New OPEN Legislation Putting SOPA, PIPA in the Shade
But the problem with all of these proposals is that they lack any requirement for proof. In some cases, a court order is required, but I don't think it's a secret that some judges can be persuaded to issue such an order on tenuous evidence. In other cases under the proposed legislation, it only requires an assertion. Worse, the site that would be taken down would have little recourse-even if it turned out that the complaint was false, they'd probably be out of business. In addition to these issues, there is the fact that these laws were proposing to take these actions against a foreign country. Suppose that the material that the person making the complaint in the United States isn't violating the copyright law in the other country? Copyright laws vary from one country to the next and while signatories of copyright conventions agree to honor each other's laws, not every country is a signatory.Fortunately, SOPA and PIPA lost much of their support in Congress in the wake of the Jan. 18 Internet protest and are virtually dead, although some of the bills' supporters haven't figured that out yet. Another law, the Online Protection and Enforcement of Digital Trade Act (OPEN) was introduced on Jan. 18, the day that Wikipedia and other sites went dark. This bill is said to have been developed in cooperation with the Internet community and would work through the International Trade Commission. The OPEN bill already has more sponsors than SOPA or PIPA, and seems to have a better chance of passage. The good news about the OPEN bill is that it avoids the unilateral attacks on foreign interests that the previous bills contained. But there are still questions. The most obvious is whether the lobbyists from the film and music industries will support the bill. The second is whether the bill has any chance of passage in a contentious and highly partisan election year. But at least OPEN doesn't appear to wage open trade warfare on other countries, which alone is a major improvement. And best of all, two laws that we didn't need, SOPA and PIPA, are dead.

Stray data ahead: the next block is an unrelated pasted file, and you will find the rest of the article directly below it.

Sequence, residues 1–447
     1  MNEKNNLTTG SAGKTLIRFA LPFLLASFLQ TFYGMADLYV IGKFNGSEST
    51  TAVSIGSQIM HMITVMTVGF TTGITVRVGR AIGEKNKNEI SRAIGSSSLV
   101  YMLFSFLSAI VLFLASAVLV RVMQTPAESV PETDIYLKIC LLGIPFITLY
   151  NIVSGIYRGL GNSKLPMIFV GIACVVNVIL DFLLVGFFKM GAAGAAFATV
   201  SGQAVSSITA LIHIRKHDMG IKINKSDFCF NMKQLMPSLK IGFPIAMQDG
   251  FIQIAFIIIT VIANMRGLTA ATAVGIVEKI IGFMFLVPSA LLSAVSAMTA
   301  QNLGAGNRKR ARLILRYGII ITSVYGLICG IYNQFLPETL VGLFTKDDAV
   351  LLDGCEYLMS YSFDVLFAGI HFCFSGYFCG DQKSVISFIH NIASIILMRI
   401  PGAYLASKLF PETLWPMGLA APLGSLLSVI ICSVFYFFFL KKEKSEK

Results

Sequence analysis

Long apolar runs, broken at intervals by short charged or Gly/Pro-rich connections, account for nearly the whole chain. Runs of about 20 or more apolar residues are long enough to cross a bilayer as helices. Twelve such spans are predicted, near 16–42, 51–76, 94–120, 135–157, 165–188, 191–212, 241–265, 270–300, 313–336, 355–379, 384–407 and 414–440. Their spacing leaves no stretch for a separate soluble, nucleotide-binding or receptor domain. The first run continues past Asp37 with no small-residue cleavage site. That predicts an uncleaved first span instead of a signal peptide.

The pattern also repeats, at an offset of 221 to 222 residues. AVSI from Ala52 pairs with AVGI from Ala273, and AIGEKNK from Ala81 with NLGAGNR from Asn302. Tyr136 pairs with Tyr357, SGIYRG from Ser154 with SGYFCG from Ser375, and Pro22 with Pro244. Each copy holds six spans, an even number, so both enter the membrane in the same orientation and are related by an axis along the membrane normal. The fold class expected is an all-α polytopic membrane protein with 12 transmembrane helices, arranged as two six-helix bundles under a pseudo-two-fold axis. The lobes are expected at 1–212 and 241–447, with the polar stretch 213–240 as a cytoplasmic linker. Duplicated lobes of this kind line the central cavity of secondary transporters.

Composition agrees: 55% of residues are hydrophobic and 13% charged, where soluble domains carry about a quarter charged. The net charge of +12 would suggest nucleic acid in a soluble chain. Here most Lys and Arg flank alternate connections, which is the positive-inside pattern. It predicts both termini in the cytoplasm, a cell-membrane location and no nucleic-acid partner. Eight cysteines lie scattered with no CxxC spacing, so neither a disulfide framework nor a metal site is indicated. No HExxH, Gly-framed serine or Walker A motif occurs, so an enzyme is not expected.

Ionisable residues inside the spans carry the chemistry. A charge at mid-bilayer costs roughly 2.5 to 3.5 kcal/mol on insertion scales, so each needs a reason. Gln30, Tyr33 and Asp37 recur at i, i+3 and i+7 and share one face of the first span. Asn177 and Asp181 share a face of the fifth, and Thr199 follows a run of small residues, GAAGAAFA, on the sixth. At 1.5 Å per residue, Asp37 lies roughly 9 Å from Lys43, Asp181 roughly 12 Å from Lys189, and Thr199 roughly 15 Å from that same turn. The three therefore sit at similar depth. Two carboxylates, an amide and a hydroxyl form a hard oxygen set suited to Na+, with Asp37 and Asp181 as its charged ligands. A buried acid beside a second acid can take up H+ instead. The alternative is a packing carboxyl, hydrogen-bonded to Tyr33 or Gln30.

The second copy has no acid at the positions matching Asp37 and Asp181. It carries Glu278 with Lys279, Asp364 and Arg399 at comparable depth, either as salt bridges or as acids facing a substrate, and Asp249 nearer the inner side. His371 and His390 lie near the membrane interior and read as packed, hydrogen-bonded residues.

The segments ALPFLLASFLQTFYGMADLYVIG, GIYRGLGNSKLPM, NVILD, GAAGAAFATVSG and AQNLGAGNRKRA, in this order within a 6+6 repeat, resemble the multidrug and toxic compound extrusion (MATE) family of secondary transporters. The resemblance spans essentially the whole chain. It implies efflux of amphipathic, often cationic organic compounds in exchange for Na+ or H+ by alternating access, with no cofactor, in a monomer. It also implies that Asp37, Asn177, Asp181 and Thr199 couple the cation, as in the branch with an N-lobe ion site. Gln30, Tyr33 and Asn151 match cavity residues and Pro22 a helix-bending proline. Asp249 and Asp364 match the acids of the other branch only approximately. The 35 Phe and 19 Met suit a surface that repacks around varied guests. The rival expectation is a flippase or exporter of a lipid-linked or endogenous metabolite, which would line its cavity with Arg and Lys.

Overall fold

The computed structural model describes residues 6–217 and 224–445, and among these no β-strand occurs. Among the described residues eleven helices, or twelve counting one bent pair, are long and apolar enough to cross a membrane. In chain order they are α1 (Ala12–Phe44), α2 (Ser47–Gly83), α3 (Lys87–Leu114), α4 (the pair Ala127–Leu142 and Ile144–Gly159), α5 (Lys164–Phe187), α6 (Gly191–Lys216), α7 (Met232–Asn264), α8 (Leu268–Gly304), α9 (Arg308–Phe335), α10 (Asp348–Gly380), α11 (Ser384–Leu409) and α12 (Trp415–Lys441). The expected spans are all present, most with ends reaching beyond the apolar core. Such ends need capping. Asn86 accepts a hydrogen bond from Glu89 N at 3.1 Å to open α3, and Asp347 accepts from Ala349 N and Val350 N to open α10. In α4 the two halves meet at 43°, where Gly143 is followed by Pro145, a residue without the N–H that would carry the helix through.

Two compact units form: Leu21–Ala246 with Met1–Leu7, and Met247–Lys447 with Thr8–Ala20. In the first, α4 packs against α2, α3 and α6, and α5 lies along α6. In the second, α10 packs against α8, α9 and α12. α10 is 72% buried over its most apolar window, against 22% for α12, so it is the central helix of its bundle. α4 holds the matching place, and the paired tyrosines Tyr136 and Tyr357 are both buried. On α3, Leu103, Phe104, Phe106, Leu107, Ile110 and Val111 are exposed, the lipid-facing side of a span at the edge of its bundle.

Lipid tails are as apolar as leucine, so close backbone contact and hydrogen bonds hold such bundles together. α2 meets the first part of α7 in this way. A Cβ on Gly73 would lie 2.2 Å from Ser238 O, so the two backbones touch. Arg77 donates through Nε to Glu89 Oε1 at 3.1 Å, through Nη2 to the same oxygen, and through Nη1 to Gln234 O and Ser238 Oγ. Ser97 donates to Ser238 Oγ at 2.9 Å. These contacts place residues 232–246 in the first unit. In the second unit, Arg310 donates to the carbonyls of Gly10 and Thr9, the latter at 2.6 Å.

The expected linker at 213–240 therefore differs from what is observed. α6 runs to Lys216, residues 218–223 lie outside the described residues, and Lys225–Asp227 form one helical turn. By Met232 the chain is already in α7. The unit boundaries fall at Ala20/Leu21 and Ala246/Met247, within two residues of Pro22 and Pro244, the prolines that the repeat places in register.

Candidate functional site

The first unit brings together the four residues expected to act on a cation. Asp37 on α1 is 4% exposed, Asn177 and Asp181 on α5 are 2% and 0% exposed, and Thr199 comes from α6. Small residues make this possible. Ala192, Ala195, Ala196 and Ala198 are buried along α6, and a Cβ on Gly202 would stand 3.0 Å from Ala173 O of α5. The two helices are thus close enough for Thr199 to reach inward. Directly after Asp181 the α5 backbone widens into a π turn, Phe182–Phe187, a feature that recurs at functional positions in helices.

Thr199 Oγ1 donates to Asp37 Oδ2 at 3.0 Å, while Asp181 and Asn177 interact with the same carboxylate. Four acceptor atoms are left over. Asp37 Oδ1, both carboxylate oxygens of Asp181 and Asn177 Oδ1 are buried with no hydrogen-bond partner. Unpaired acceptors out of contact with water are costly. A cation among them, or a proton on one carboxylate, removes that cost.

One of the countries that is regularly accused of tolerating piracy is China, and while the Chinese government does make copyright-related arrests from time to time, there's a lot of piracy that goes on there. So does this mean that some judge in the U.S. can effectively wage economic warfare on Chinese interests? The way those proposed laws are written, that could happen. And while I realize that the Chinese government already censors U.S. sites, I have a feeling that the State Department might want to have input.